TAGANGA, Colombia- I tried to walk down to the beach in Taganga but could only find the boats of tour companies and fishermen, restaurants and beer houses, comatose rasta men and clans of binder wielding touts blocking my path. I walked all the way down to the western edge of what would otherwise have been [...]
TAGANGA, Colombia- I tried to walk down to the beach in Taganga but could only find the boats of tour companies and fishermen, restaurants and beer houses, comatose rasta men and clans of binder wielding touts blocking my path. I walked all the way down to the western edge of what would otherwise have been sandy beach, dodging the obstacles that sprung up between be and the glistening Caribbean beyond, and after an annoying search found a small clearing and access to the sea.
But my journey was in vain, as when I arrived I found myself in dire want for the clutter that once stood in my path, for the beach in Taganga, Colombia is thoroughly disgusting:
A cut in half and smashed flat toothpaste tube rolled up in the waves and struck against my foot, an array of potato chip bags, cookie wrappers, and soda bottles crumpled as I walked through the shallow surf, in the eddies swirled a virtual blockade of miscellaneous garbage. I saw a Colombian man and his two sons go floating by on makeshift rafts of white packing Styrofoam.
What the f’ck?
I walked up to a beach side restaurant and took shelter from the sun with a Coca-Cola. I looked over the beach, unable to believe that this town could attract so many tourists. I also could not fathom how I could not have been warned about this place prior to arrival. I initially took the gentle shrugs I would receive from travelers that I asked about Taganga to mean that the place was “alright,” but now I know that they were perhaps just embarrassed to tell me the truth, as Taganga is suppose to be a place that people enjoy visiting, a hip stop on the journey through Colombia — and there must be something wrong with you if you don’t like it there.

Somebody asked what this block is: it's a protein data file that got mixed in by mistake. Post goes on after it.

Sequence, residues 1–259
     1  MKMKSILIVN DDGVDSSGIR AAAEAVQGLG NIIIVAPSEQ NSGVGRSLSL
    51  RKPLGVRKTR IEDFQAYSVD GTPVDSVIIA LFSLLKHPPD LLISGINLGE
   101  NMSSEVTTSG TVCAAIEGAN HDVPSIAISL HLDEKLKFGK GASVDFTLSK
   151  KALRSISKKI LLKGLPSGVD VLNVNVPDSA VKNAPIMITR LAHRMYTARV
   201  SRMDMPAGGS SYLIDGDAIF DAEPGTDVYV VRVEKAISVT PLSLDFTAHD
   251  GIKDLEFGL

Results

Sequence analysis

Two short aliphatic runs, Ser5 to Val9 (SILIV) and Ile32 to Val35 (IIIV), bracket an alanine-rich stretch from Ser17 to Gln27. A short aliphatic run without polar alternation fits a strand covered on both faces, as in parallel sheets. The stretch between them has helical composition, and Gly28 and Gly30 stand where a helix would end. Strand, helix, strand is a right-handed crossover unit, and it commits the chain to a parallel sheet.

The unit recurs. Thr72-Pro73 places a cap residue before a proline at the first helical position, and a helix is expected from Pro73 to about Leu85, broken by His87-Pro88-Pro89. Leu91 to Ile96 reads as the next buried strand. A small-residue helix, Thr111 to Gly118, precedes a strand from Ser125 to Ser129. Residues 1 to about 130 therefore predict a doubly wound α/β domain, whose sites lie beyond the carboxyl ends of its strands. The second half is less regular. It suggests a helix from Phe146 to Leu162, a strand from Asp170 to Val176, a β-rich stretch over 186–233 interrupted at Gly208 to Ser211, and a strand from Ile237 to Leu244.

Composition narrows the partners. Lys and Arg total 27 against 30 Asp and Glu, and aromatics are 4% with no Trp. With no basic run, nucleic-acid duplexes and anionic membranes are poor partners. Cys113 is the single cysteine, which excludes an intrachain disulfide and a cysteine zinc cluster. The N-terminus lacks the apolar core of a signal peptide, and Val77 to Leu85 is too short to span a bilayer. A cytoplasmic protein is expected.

As I looked over the sea, to my stark surprise, a garbage collector actually appeared and called out to the family adrift at sea on the rafts of garbage. “Does it belong to you?” he asked while pointing towards their water crafts. “No,” one of the son’s admitted, and they returned their boats to their proper caretaker. I then watched the garbage collector pile up mounds of trash in a wheelbarrow and cart it away from the beach. It made only the slightest difference, as the trash just kept pouring in, but it did so at least some effort to keep the beach clean.
But this observation emboldened my wife and two year old daughter to brave a swim. They returned quick:
“A bag of syringes floated up next to us,” my wife stated with an exasperated laugh.
We moved away from the beach and sat on a bench on the main drag. The air smelled like shit. Not “smelled like shit” as in “a general bad smell” but smelled like shit as in feces. How can you look at girls on the beach while sitting in a miasma of poop?
I could not help but to ponder why Taganga was so awful. Outside of the unchecked tourist development, the unsavvy organization of the place, and the shit smell there was one major factor: Taganga sits right next to Santa Marta.
Beaches near urban centers are often bad
Taganga is a beach town whose economy appears to be nearly completely dependent on tourism, which is perhaps an unfortunate focus for a place within firing range of the problems of an urban center. The city of Santa Marta lies just over a hill to the west of Taganga, and the undesirable elements of the City have clearly toppled over the hill and into Taganga, rendering this beach town not only polluted but somewhat dangerous.
“We were robbed in Taganga,” an Australian told me in San Gil a couple of weeks earlier. He told me of how their hotel room at the Casa Blanca hotel was broken into at night while he and his girlfriend were sleeping in it. All their possessions, excluding their passport and credit cards, were gone when they awoke. The thieves actually threw the later items back into the room when they made their escape.
“So you didn’t wake up when they broke in?” I questioned, finding it difficult to believe that someone could break into a hotel room and clear out everything of value without waking up its sleeping occupants.
“I’m sort of glad I didn’t,” the Australian replied.